Things I've noticed about my neighborhood

  • There are a lot of gardeners and maintenance workers. The government pays a lot of people small salaries to keep the area looking nice. I wonder if they are livable salaries. I don't know what the unemployment rate is here, but it appears that Vietnam ensures that a large number of the poor are at least working poor, rather than desperately poor.
  • The greater neighborhood is called Phú Mỹ Hưng, owned and developed by a corporation called Phú Mỹ Hưng. Properties within Phú Mỹ Hưng seem to frequently have names that begin with "Mỹ." "Mỹ" means "fine" in Tiếng Việt (Vietnamese language) as far as I can tell. Our apartment complex is called "Mỹ Phúc*" which means "fine-being".... I think...
  • There are four buildings under construction in my block. None of them seem to be progressing very far. They have doors with locks installed already, though, so they don't need night guards.
  • Some other homes under construction have night guards. Nice gig if you can get it.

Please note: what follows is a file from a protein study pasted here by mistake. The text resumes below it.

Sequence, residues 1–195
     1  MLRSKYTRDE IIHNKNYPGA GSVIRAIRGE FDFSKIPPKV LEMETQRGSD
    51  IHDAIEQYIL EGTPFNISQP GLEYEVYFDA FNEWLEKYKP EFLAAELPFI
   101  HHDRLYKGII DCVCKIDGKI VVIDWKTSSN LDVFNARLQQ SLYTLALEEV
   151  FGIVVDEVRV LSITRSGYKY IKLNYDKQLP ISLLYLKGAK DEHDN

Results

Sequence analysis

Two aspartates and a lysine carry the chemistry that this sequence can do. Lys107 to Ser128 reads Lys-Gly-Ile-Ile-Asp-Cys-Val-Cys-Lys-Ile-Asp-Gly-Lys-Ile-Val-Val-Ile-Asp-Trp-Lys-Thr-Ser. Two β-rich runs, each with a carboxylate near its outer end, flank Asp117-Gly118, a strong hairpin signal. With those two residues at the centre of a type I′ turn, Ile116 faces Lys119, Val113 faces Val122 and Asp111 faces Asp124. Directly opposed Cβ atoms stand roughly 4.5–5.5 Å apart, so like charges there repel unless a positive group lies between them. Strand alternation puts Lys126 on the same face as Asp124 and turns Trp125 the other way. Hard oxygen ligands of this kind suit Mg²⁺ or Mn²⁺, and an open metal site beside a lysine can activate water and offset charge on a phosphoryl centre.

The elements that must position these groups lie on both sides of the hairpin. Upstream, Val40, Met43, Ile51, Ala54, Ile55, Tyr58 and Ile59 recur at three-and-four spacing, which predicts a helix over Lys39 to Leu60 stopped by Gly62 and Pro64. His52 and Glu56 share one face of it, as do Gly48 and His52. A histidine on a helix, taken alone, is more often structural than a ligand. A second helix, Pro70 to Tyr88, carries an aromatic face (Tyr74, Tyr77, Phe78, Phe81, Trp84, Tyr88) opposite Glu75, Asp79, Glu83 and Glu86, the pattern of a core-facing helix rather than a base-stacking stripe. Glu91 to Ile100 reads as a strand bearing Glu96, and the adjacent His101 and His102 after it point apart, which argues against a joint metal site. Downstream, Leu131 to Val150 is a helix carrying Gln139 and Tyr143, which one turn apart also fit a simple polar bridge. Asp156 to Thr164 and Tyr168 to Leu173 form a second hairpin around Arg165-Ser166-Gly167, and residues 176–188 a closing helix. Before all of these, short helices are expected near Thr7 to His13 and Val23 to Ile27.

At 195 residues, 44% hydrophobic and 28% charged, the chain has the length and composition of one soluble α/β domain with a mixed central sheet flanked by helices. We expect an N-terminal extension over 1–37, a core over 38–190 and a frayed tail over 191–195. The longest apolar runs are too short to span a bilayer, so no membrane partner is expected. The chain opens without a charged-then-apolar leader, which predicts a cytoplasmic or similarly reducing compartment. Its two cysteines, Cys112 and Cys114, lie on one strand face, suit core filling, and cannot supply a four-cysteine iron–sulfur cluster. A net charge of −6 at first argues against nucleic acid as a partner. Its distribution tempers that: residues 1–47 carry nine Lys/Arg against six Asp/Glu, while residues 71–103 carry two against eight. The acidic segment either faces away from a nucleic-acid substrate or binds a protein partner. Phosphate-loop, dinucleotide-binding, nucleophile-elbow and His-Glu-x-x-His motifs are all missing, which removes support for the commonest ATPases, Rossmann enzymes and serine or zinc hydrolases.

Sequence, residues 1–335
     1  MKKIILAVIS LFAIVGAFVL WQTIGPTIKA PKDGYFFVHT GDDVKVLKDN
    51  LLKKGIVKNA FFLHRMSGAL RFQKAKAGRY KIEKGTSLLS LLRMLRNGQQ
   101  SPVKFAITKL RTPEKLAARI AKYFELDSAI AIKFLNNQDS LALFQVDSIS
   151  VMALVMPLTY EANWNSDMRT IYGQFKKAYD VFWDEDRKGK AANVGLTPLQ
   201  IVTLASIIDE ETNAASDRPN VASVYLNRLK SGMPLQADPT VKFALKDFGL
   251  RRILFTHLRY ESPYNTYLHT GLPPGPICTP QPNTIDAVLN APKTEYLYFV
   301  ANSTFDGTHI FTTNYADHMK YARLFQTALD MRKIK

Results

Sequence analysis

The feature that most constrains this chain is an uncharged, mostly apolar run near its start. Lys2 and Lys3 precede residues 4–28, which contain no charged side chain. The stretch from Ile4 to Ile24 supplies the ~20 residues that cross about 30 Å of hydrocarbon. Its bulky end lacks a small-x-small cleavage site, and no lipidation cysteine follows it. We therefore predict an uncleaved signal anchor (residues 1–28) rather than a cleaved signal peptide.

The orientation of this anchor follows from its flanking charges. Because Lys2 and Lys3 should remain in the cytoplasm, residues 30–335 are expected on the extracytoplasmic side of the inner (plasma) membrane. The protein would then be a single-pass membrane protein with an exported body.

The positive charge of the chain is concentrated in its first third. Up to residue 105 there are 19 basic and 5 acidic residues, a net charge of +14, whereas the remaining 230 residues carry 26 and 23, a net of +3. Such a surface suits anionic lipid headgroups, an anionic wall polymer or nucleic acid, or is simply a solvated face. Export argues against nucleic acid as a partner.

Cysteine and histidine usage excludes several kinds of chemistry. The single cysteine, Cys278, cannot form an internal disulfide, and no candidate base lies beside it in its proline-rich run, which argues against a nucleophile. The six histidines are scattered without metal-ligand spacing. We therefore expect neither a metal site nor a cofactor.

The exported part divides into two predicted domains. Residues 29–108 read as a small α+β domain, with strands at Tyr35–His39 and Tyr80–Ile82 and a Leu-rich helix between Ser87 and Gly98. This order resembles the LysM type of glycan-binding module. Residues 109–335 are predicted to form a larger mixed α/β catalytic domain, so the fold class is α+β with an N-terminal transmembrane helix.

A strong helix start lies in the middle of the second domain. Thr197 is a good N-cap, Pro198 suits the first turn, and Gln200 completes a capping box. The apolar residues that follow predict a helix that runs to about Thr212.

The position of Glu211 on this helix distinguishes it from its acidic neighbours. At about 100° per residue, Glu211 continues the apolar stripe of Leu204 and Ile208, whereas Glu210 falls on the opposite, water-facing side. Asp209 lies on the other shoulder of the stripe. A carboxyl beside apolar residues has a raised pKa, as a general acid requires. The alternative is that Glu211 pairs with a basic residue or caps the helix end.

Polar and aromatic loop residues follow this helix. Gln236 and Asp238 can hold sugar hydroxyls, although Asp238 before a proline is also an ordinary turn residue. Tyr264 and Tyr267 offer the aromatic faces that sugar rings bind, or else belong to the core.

• Our restaurant-per-square-km ratio seems to be one of the highest in the city, rivaling only the tourist areas of District 1, AFAIK.
  • There's a Dunkin Donuts a few blocks from my home, but it doesn't sell anything novel aside from Boston cremes decorated like footballs (soccer balls). However, I found some very tasty red bean donuts at Tous Les Jours. They are only 14,000Ð ($.70) each.
  • It is almost not worthwhile to cook at home, because the kitchen gets so hot and hard to clean, and restaurant food (or street food) is real cheap if you know where to look. 
  • The only real cheap cuisines seem to be Vietnamese and Chinese, although the other ethnic restaurants are still far cheaper than their US equivalents.
  • And anyway, with this heat, sometimes you only want a smoothie and maybe some crunchy rice paper snacks. I found a great place to get rice paper snacks - the Co-op - which is an easy walk through the quiet part of the neighborhood, but it's crowded and dingy so I tend to shop at Citimart (which is a small supermarket with some locations that are as small as a convenience store) instead.
  • Instead of starlings, we have mynah birds. I love mynah birds.

*Because of course it is! Why wouldn't I move into a building called Mỹ Phúc?